Armed with my global profile, my education and my savings, I launched Global Markets Consultants, a management consulting firm, in London and New York in 2002. I am proud that my company has created hundreds of management jobs and has been a preferred consultant of Deutsche Bank, a top investment bank, since 2005.
To recognize my contributions to the UK, I was invited to have a lunch with the Queen on the top table for a Diamond Jubilee celebration event in 2012. Additionally, I was awarded an OBE in 2013.
Furthermore, my significant savings have enabled me to retire at the age of 45 to pursue my other interests, including travelling, community involvement and swimming!
I love travelling. I’ve been to about 100 countries, including far flung places such as the North Pole and the South Pole. Recently I went to Nigeria for holidays and tasted Indomi, the best noodles in the world. Since that trip, Jillof rice and suya have become my favourite food. And I’ve got a Nigerian nickname: Olu.
And I love my community. I’ve raised £150,000 for charities by completing various outdoor challenges, including London marathon – I even surprised myself, climbing Mt. Kilimanjaro in Tanzania, trekking to the Mt. Everest base camp in Nepal and cycling 500 Km in Vietnam and Cambodia.
I love swimming. Over the last 10 years I’ve been learning swimming. I’m proud to share that I can swim 1,000 meters or more in three different strokes, with tumble turns. I’m learning butterfly as of now.
In conclusion, the bottom line is that everything I’ve experienced and achieved has only been possible because of education and sports. I hope you invest your time and money in acquiring higher education and qualifications from leading institutions, so YOU can choose any employer you want to work for. Don’t you want to be a master of your destiny?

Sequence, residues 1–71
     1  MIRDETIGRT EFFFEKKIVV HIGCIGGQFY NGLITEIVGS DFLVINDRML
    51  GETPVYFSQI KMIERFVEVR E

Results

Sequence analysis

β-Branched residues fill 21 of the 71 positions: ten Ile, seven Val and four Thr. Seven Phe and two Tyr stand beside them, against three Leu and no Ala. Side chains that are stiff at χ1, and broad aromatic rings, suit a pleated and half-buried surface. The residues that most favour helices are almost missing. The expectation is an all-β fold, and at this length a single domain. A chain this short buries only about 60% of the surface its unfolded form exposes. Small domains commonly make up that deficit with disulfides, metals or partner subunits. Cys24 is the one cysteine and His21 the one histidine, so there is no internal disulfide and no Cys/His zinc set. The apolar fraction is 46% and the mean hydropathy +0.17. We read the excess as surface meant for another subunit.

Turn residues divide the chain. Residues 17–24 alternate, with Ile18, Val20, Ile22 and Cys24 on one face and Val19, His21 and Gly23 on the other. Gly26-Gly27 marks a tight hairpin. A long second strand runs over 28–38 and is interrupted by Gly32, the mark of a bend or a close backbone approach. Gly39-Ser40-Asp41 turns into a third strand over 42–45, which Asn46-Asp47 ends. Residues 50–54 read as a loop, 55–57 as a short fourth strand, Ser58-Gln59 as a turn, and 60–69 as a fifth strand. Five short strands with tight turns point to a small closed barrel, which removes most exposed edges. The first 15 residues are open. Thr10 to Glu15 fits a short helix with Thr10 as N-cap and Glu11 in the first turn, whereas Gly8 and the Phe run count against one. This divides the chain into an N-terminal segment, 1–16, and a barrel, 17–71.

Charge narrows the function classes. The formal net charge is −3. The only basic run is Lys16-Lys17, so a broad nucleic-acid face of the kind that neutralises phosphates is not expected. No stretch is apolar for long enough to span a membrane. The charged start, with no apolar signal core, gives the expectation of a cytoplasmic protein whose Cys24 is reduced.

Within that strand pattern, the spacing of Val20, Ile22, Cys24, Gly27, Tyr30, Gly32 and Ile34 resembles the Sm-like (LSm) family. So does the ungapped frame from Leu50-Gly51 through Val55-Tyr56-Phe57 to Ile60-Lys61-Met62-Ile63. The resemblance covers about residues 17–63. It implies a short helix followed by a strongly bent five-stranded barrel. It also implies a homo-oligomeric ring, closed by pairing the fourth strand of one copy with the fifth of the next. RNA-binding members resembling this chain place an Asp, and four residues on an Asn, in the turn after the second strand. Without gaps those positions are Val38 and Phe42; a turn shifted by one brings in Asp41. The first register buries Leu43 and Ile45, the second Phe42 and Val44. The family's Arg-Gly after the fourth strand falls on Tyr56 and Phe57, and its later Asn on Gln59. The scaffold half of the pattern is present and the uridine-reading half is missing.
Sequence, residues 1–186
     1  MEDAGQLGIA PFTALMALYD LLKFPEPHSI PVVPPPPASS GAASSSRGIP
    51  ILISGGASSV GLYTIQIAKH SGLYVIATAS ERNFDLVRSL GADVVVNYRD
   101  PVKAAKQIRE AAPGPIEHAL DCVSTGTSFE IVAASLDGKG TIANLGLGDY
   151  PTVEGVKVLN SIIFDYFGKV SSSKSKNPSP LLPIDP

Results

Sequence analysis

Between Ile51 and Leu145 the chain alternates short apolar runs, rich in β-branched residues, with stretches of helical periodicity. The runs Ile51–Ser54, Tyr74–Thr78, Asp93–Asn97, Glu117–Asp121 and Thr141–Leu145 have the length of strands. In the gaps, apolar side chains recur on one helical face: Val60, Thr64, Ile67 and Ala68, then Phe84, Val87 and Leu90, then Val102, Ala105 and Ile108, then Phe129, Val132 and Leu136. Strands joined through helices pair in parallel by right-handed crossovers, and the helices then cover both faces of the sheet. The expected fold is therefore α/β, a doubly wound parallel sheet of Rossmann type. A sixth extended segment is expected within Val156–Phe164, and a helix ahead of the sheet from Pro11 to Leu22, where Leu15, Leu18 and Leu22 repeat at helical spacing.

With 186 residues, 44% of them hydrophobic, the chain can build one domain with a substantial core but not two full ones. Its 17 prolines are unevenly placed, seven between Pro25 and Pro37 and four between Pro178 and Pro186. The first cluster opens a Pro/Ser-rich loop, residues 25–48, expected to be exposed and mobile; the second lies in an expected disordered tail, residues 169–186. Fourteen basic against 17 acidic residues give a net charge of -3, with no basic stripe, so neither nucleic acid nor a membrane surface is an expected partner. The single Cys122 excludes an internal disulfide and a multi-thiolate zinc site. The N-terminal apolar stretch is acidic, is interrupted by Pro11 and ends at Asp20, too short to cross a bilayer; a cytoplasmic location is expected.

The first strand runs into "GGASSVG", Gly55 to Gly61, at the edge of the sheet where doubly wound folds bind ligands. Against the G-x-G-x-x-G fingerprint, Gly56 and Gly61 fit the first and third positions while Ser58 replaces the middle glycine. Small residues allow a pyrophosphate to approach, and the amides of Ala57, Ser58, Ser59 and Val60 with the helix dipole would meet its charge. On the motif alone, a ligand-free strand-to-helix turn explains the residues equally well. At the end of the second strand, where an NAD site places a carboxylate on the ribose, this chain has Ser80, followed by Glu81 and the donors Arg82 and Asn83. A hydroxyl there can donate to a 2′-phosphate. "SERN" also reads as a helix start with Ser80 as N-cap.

At the same time, I hope that you will participate in different sports from time to time to keep building both personality and character. And you will have a bag full of interesting stories to share with others and have a laugh with your mates too. I encourage all of you to become a champion or win the medal for most participation.
My dream is to provide a promising future for our young people like you. I’m here to help you achieve your dreams and my doors are open to you. I’m determined to use 100% of my savings and time to ensure that you achieve your true potential by reaching to the top.
And on this note, I would like to close with what I tell myself everyday: Make each day count. Just perform today better than yesterday.
Thank you very much